Test first, then travel: EU still wants corona measures against China

“The vast majority of countries are in favor of pre-departure testing,” a spokesperson for the European Commission said last night after a meeting with health experts from all 27 EU countries, Reuters news agency reported.

The health experts also want airplane wastewater to be examined for virus particles and countries to tighten their domestic surveillance. Today in Brussels, the measures regarding Chinese travelers will continue to be discussed.

Call for one policy

The call for unambiguous European policy is becoming louder and louder. Last week, a patchwork of rules arose from countries that have already introduced corona measures for travelers from China, and countries that see little use in this, including the Netherlands.

Italy quickly tightened the rules. All passengers from China are required to take a corona test upon arrival. France and Spain followed later, among others, which require travelers to show a negative test certificate or be fully vaccinated. Those who have not been vaccinated and have not taken a test must take a test upon arrival.

‘No threat’

But other countries do not see that danger. The reason? The corona variants circulating in China are already circulating in the EU and therefore pose “no threat” to EU citizens, according to the European health service ECDC, which must monitor emerging threats from the corona virus. The ECDC also points to the relatively high immunity and vaccination coverage in Europe.

It therefore makes no sense to treat travelers from China differently, virologist Marion Koopmans previously told RTL News. GGD doctor Ashis Brahma called it carrying water to the sea. According to him, the measures should have been taken a month earlier. “Once it’s in here, it’s in here. You can’t stop what comes from China.”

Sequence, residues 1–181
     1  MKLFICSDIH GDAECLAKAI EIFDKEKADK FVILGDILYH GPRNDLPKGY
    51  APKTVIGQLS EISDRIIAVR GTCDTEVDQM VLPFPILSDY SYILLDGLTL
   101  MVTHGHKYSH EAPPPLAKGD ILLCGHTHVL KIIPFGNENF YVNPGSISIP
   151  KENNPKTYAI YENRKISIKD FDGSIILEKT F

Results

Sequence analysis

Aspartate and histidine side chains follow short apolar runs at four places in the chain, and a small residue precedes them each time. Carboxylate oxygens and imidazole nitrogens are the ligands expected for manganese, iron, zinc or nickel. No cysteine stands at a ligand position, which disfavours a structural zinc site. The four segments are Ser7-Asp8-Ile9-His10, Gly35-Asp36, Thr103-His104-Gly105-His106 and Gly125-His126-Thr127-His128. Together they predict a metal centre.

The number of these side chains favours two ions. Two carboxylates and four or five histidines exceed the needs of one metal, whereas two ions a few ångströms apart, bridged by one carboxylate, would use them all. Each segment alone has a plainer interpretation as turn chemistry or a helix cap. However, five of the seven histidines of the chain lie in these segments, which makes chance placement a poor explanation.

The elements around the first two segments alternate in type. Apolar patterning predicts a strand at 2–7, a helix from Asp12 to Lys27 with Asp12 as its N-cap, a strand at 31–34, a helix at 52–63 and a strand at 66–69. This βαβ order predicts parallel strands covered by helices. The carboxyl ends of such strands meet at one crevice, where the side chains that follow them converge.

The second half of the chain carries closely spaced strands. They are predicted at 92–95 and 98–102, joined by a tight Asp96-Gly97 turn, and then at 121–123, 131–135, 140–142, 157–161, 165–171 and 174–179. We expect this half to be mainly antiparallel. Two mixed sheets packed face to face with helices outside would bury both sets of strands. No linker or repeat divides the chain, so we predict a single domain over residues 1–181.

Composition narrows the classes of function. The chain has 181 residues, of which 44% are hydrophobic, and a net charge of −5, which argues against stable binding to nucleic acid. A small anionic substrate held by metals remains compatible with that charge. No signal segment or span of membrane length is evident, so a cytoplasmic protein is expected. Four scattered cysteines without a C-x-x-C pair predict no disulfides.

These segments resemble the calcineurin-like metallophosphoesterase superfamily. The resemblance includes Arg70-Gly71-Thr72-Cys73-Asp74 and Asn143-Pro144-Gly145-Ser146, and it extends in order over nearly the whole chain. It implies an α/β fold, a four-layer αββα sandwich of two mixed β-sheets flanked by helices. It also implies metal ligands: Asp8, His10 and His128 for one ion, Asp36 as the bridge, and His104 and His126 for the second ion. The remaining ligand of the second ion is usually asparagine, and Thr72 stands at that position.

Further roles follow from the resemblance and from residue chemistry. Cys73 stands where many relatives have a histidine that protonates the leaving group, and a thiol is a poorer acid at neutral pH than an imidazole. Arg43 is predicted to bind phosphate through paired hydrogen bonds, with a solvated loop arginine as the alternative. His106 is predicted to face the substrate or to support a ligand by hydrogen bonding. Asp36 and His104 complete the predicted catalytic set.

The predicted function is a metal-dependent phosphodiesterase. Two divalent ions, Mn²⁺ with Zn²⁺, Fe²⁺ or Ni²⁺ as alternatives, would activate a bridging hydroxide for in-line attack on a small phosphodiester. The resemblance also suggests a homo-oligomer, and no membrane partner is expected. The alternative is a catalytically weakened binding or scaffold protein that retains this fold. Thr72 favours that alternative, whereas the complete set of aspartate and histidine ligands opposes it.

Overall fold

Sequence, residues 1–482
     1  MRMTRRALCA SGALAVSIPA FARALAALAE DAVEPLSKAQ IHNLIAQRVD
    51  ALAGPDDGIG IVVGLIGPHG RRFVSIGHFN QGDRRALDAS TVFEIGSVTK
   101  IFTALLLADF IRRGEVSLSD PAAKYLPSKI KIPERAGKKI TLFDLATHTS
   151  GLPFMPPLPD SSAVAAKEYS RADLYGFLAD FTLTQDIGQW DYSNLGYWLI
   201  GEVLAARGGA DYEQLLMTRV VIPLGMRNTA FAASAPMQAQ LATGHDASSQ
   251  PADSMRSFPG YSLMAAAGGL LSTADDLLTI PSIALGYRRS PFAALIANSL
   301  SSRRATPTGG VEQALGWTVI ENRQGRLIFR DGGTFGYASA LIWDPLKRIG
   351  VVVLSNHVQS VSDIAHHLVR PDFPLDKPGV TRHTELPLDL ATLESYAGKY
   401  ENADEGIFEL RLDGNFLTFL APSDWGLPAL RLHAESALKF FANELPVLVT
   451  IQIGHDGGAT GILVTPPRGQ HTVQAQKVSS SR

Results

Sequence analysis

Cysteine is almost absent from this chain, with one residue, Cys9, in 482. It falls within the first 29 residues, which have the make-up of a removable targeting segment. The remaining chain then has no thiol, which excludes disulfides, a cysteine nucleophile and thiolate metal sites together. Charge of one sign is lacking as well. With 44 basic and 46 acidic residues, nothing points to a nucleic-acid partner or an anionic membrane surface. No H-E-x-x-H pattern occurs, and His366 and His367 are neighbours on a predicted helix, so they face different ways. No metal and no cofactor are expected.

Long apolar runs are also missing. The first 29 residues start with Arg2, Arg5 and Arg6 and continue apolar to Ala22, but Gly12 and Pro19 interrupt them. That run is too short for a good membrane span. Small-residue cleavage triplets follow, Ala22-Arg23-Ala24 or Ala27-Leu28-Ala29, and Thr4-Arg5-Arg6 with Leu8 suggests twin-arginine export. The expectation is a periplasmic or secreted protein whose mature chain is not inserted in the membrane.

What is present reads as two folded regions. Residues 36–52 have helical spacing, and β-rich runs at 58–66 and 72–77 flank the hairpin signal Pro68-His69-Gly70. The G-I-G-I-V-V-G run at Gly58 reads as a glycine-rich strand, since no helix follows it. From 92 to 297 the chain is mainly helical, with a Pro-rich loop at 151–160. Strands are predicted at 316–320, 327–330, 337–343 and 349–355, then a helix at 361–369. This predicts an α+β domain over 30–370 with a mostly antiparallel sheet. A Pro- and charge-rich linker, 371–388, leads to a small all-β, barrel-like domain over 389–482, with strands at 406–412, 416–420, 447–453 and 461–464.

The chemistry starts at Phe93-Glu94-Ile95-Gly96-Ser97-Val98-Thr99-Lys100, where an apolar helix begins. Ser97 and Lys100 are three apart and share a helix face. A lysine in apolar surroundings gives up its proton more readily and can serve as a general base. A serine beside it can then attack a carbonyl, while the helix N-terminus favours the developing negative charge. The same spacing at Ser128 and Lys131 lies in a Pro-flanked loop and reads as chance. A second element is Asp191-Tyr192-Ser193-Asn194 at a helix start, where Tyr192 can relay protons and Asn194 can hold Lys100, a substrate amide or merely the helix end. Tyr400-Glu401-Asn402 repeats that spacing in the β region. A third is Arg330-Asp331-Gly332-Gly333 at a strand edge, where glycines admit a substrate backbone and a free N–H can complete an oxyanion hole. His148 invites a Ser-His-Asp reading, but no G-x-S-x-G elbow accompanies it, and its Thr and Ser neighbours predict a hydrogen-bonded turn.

‘Lack of reliable data’

The number of corona cases has reached a record high in China since the release of the much-discussed zero-covid policy. According to the official figures, the peak of the wave of infections was on December 2, but that is widely doubted because less testing is now being done. According to the ECDC, there is therefore a “lack of reliable data” on the number of corona cases, hospitalizations, deaths and the capacity and occupancy of intensive care units in China.

European Health Commissioner Stella Kyriakides says EU countries must be ‘very vigilant’. She wrote a letter to EU governments at the end of December saying that they should consider further imaging (‘sequencing’) possible mutations of the coronavirus and to investigate wastewater, including at airports, given the increase in infections in China .

There is a lack of adequate care, especially in the Chinese countryside, where a relatively large number of elderly people live, China correspondent Roland Smid explains in this video.

‘Extremely disappointing’

The international aviation organization IATA is not happy with a tightening of the rules against Chinese travelers. “It is disappointing that governments have not learned lessons from the pandemic and are re-introducing the same ineffective measures,” he said. writes chairman Willie Walsh on Twitter. According to the IATA, travel restrictions and traveler testing have proven ‘ineffective’ in the corona pandemic.

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